Many DUI charges arise out of traffic stops that occur because of erratic driving or other circumstances that indicate a driver may be intoxicated. While the police are permitted to stop motorists, they generally must have a reasonable belief that a person is committing a crime or is about to engage in criminal activity for a stop to be lawful. There is an exception, though, for DUI checkpoints. In other words, under Florida law, the police are permitted to stop motorists without cause to assess whether they may be impaired without violating their rights. The police must comply with specific parameters when they conduct DUI checkpoints, though, and if they do not, they may overstep their lawful rights. If you are charged with a DUI following a stop at a checkpoint, you should meet with a trusted Sarasota DUI defense attorney to assess your options.
Florida’s DUI Checkpoint Rules
Florida is one of several states where it is lawful for the police to set up DUI checkpoints. The police must abide by certain rules and regulations when setting up and conducting checkpoints, though. First, checkpoints cannot be conducted in secret. In other words, the police must notify the public of checkpoints. Specifically, they must publish the location and the date of the checkpoint prior to when it is set up. The checkpoint must also be conducted in compliance with certain guidelines, which means, in part, that officers cannot randomly or discriminately stop certain vehicles but must have clear procedures regarding who will be stopped.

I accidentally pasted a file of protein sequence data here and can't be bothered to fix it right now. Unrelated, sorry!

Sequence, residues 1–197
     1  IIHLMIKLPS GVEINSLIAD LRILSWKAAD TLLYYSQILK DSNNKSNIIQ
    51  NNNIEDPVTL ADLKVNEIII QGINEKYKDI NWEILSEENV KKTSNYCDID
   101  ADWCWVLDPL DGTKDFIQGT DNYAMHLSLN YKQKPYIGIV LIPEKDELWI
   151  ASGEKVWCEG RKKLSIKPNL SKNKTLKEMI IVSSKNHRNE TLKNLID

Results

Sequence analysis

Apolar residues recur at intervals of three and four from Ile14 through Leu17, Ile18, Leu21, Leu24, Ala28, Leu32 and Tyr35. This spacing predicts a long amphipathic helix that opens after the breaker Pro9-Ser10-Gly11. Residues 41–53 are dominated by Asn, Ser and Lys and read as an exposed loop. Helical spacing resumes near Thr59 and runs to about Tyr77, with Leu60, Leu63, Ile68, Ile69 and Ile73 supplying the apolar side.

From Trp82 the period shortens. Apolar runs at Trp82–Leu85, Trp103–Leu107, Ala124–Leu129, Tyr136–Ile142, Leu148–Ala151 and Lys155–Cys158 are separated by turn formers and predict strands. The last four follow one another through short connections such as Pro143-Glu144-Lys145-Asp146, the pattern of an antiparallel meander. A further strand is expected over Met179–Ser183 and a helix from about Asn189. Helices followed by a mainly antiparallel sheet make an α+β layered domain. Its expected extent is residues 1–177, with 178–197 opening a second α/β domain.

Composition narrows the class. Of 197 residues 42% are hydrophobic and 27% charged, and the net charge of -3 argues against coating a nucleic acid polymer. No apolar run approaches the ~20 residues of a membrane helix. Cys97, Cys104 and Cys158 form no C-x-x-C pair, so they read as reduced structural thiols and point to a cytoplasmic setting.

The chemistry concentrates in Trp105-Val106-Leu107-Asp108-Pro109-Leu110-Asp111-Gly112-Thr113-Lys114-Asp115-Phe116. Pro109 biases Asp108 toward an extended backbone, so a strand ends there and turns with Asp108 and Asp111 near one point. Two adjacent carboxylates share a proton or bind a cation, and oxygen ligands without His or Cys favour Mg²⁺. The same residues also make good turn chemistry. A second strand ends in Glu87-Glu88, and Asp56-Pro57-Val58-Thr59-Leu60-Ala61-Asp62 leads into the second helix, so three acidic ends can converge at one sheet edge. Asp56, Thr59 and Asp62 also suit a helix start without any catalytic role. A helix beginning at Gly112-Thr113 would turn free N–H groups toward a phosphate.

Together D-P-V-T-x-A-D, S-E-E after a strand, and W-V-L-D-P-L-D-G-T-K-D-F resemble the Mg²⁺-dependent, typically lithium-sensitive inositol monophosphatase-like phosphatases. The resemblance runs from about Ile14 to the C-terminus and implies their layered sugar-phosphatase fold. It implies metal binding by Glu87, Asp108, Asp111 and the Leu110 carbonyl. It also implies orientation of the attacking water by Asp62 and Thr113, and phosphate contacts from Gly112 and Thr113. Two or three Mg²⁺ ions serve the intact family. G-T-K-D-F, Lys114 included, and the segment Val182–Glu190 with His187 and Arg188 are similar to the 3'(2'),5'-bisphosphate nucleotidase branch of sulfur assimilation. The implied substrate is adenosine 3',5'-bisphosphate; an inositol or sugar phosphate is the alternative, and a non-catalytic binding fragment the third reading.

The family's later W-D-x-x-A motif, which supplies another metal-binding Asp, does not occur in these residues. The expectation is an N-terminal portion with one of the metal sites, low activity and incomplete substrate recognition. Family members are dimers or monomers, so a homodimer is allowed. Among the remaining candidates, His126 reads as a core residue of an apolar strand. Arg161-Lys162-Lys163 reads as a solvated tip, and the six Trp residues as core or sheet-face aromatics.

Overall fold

Additionally, police officers are limited by a three-minute rule. In other words, they cannot detain a driver for more than three minutes in most circumstances. If a stop exceeds three minutes, the checkpoint should be suspended, and the police should only stop select vehicles until the traffic is stopped for less than three minutes.
During a traffic stop, an officer will typically observe a person’s demeanor and speech. The police will also assess whether motorists have an odor of alcohol, bloodshot eyes, or other factors that indicate potential intoxication. If an officer has reasonable grounds to believe that the driver is impaired, he or she may ask the person to submit to field sobriety testing or a breath test. Drivers who refuse to provide a breath sample may face additional penalties. Notably, however, a person cannot be compelled to submit to a blood test absent a warrant.
Speak to an Experienced Criminal Defense Attorney in Florida
There are numerous rules the police must follow when conducting a DUI checkpoint, and if they fail to do so, arrests arising out of the stop may be unlawful. If you are charged with a DUI offense following a stop at a checkpoint, it is smart to speak to an attorney about your rights. William Hanlon of Hanlon Law is an experienced Sarasota DUI defense attorney with the knowledge and resources needed to help criminal defendants seek favorable outcomes, and if you hire him, he will work tirelessly on your behalf. You can reach Mr. Hanlon via the form online or at 941-462-1789 to set up a meeting.